Divided into three parts, AMERICA argues that the American people are being tricked into believing that the country unfairly bears responsibility for tragic circumstances that occurred throughout its history. And that, the film states is no accident, positing that covert forces hope they can polarize the nation by shaming American citizens, remaking the country as a leftist socialist nation with little influence in the world. Filmed reenactments are used in an attempt to shore up these theories. Great statesmen and thinkers (Abraham Lincoln, Alexis de Tocqueville, Ronald Reagan, Frederick Douglass, etc.) are quoted and portrayed. Academics and politicians are interviewed at length, as are Native American, Mexican-American, and African-American activists. In Part One, the film lists and develops the five crimes for which the United States is mistakenly blamed: Theft of Land (and genocide against the Native American population), Theft of Territory (the victim: Mexico), Theft of Labor (slavery and the resulting segregation and racism), Theft of Resources (victim: the world), and Theft of the American Dream (victim: the American people; perpetrator: greedy capitalists). Part Two refutes each of those charges, one by one (i.e., America wasn't the only country that had slaves; whites were slaves elsewhere; there were "more black slave owners than white ones," etc.). Part Three concerns the "Who...?" That is, who wants us to take the blame, and why? The film's answer: The conspiracy of shame is primarily the product of the teachings of an unscrupulous radical: Saul Alinsky (a writer and political activist known as the founder of "community organizing"). His protegees? Barack Obama and Hillary Clinton, among others.

Is it any good?

For those who are inclined to agree with D'Souza and his colleagues, America will be an example of documentary filmmaking at its most enlightening. For those who disagree, it will seem a shoddy diatribe. In any case, it's an argument masquerading as a movie. While some of the performances in the reenactments are excellent (Don Taylor as Lincoln is particularly good) and some visuals of the country show its awesome beauty, the majority of the film is overly dramatic (for example, the relentless pounding of a blacksmith's forge is intercut with lovely landscapes), unnecessarily violent (bloody battle scenes with multiple deaths), and filled with hypotheses that are thin at best, inaccurate and purposefully provocative at worst. Mostly, it attempts to justify America's behavior by pointing out similar behavior by other countries.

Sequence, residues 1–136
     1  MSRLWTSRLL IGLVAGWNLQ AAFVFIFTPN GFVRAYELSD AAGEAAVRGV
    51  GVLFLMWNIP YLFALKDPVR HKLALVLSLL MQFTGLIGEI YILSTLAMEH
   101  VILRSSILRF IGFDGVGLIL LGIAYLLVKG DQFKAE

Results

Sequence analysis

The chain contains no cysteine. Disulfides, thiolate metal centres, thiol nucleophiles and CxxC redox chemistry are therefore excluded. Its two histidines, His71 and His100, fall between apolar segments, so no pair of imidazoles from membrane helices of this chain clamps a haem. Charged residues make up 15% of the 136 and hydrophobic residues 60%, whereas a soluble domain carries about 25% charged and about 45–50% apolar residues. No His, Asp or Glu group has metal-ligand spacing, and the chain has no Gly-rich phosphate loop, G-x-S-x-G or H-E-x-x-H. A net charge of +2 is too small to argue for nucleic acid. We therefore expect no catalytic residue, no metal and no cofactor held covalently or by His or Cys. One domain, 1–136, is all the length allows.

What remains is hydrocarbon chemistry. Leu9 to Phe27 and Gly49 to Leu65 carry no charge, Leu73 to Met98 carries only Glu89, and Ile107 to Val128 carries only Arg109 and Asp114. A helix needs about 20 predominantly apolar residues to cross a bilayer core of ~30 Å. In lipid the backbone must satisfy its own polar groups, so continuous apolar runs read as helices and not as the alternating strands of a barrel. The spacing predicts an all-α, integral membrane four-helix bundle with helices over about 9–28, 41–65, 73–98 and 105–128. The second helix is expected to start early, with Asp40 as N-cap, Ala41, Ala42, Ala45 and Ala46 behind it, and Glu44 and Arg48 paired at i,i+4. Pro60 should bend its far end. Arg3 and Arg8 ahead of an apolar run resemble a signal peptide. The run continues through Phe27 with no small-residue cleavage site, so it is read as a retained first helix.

Paranoia is the film's most unsettling element. Particularly disturbing is D'Souza's handling of some of the interviewees (for instance, a spokeswoman for the Sioux tribe and a professor of African-American studies), who seem like they might disagree with him if they fully understood his purpose. They bring a wide variety of opinions, perspectives, and motives to the microphone, but -- after the interviews -- D'Souza manages to refute the evidence of the experts who disagree with his premise. In fact, he uses their own words, earnestness, and trust to bolster his own claims in opposition. Finally, having previously taken on Obama in 2016: Obama's America, D'Souza here focuses on Hillary Clinton. "Reenactments" of her college days show her to be in the thrall of Saul Alinsky's radicalism and secretly working to undermine the American way of life as she moves forward. Bottom line? The worth of this film is definitely in the eye of the beholder.

Talk to your kids about ...

  • Families can talk about the use of historical reenactments to heighten a film's message. In dramatic movies "based on" or "inspired by" true stories, viewers have come to accept the fact that the filmmakers imagine what might happened in individual scenes. Is this true for documentaries, or should there be a different standard?

  • Discuss the various goals of filmmaking: to inform, to entertain, or to persuade. What is the primary purpose of America? How do you know? Why is it important to understand the filmmakers' purpose?

  • Do you think documentaries are required to be objective? Why or why not?

  • Did this movie show you or help you "imagine a world without America"? If not, why do you think that phrase/tagline was part of the film's marketing? 

Movie details